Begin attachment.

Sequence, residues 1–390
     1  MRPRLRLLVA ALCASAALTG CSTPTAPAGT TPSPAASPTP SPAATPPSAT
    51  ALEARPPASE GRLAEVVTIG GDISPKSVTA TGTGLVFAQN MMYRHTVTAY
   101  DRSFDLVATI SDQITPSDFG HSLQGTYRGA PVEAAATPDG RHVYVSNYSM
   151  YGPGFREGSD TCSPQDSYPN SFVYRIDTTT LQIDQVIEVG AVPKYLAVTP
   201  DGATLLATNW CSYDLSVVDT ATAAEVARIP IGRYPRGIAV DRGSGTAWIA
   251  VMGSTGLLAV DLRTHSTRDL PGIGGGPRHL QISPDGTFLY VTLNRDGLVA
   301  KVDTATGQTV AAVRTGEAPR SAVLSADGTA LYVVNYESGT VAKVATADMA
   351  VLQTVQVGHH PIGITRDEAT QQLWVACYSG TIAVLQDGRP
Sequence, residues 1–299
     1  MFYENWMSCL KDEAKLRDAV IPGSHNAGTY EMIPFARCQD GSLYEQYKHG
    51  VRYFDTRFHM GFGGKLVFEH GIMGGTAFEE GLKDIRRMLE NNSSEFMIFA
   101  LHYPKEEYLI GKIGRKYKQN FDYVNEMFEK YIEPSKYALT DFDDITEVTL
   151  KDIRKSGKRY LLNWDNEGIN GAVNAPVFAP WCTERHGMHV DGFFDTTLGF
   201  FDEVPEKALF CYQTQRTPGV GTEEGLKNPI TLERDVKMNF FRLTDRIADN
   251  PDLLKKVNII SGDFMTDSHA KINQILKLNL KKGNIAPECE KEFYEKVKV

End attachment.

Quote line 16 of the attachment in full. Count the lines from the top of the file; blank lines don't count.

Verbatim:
   251  PDLLKKVNII SGDFMTDSHA KINQILKLNL KKGNIAPECE KEFYEKVKV